#5172354 DXGI leak warnings

Posted by KaiserJohan on 08 August 2014 - 03:30 PM

Nevermind, I fixed it. 


In case it helps anyone else: It turns out Get() methods such as OMGetDepthStencilState() also increases the RefCount - and now that I think about it, of course it does... those pointers would have to be released aswell.

#5171722 Cubemap texture as depth buffer (shadowmapping)

Posted by KaiserJohan on 05 August 2014 - 04:25 PM

I'm converting my OpenGL 4 renderer to DirectX 11. Once I got over making a simple textured triangle, the rest went very easy, I now have a deferred shader setup with ambient/point/directional lights and am now reimplementing the shadow mapping parts, starting with point lights (omnidirectional shadowmaps).


Here's how I create my texture cubemap:

// create shadowmap texture/view/srv
D3D11_TEXTURE2D_DESC depthBufferDesc;
ZeroMemory(&depthBufferDesc, sizeof(D3D11_TEXTURE2D_DESC));
depthBufferDesc.ArraySize = 6;
depthBufferDesc.Format = DXGI_FORMAT_D32_FLOAT;     // potential issue? UNORM instead?
depthBufferDesc.Width = shadowmapSize;
depthBufferDesc.Height = shadowmapSize;
depthBufferDesc.MipLevels = 1;
depthBufferDesc.SampleDesc.Count = 1;
depthBufferDesc.Usage = D3D11_USAGE_DEFAULT;
depthBufferDesc.BindFlags = D3D11_BIND_DEPTH_STENCIL;
depthBufferDesc.MiscFlags = D3D11_RESOURCE_MISC_TEXTURECUBE;
DXCALL(device->CreateTexture2D(&depthBufferDesc, NULL, &mShadowmapTexture));
DXCALL(device->CreateDepthStencilView(mShadowmapTexture, NULL, &mShadowmapView));
DXCALL(device->CreateShaderResourceView(mShadowmapTexture, NULL, &mShadowmapSRV));

I'm currently at a loss of how to select which face of the cubemap to use as the depth buffer. In OpenGL I would iterate 6 times and select the cubemap face with:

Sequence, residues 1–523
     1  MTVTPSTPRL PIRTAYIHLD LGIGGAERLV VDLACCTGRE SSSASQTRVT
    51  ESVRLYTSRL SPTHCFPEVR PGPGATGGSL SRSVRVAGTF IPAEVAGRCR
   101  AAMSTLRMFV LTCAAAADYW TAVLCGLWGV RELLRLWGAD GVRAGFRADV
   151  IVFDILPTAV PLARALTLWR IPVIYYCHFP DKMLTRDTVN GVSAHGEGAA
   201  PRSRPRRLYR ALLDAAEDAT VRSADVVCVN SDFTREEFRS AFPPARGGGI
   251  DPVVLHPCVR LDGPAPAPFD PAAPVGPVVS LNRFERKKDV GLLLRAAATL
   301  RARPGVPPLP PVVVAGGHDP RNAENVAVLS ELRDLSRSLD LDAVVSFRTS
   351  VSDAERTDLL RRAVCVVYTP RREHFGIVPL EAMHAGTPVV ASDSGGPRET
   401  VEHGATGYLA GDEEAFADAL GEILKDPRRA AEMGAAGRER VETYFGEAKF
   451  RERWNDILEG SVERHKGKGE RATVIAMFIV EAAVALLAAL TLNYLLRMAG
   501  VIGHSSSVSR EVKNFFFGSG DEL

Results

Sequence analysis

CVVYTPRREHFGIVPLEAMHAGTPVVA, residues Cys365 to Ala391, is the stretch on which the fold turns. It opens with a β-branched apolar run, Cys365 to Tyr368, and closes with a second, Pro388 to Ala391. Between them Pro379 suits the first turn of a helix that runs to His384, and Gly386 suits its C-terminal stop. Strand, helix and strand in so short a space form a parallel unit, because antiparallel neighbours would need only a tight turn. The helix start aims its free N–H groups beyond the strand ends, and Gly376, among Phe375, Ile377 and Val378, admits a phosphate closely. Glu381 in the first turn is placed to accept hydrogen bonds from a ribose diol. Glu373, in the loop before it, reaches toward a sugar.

But in DirectX11, cubemaps seems to be defined as Texture2D but with different array size. Looking at the OMSetRenderTargets(), it dosn't specify anywhere which cubemap face to use either.


Any pointers on how to select the proper face to use as depth texture?


I've been browsing around like mad on MSDN, and it is fine as a reference for structures and functions, but awful for anything else :(

#5168921 SamplerState in code or HLSL?

Posted by KaiserJohan on 24 July 2014 - 11:43 AM

Since you're using a second vertex stream, the input layout should reflect that:

  inputDescription[1].InputSlot = 1;
  inputDescription[1].AlignedByteOffset = 0;
Such troubles are better analyzed with a graphics debugger where you can see if your texture upload succeeded and if your vertices are correct.



Thats it. Thanks.


The result is not as good as I hoped it to be, even with anisotropic filtering set to 16. Here's an example:





In the background you see its very blurry. Is there any way to get better visuals?

#5154138 Why do I fail to create a window?

Posted by KaiserJohan on 16 May 2014 - 04:51 PM

Don't you have the major/minor version macros wrong?


This is what I use:


Note the difference
If it dosn't work, run the GLEW example tool which finds your highest supported OpenGL and all possible extensions and use that as hint

#5132028 Destructors or Release methods?

Posted by KaiserJohan on 17 February 2014 - 09:09 AM

What language are you using?


If you are using C++, look into RAII (http://en.wikipedia.org/wiki/Resource_Acquisition_Is_Initialization).

#5117971 Deferred shading and point light range issue

Posted by KaiserJohan on 18 December 2013 - 05:02 PM

Thanks, it works wonderfull!

#5117951 Deferred shading and point light range issue

Posted by KaiserJohan on 18 December 2013 - 03:53 PM

My idea with max distance is to have it be 0 at maxDistance and 1 at the centre, so it clamps between the two. Then to have an additional parameter, what I call "FalloffFactor" to be how steep the falloff is between 1 and maxdistance